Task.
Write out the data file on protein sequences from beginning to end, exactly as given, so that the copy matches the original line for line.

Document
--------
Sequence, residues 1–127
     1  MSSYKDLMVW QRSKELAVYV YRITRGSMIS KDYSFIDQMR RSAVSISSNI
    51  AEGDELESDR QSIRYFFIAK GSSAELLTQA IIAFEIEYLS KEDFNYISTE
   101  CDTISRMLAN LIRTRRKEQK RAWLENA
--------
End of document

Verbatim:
Sequence, residues 1–127
     1  MSSYKDLMVW QRSKELAVYV YRITRGSMIS KDYSFIDQMR RSAVSISSNI
    51  AEGDELESDR QSIRYFFIAK GSSAELLTQA IIAFEIEYLS KEDFNYISTE
   101  CDTISRMLAN LIRTRRKEQK RAWLENA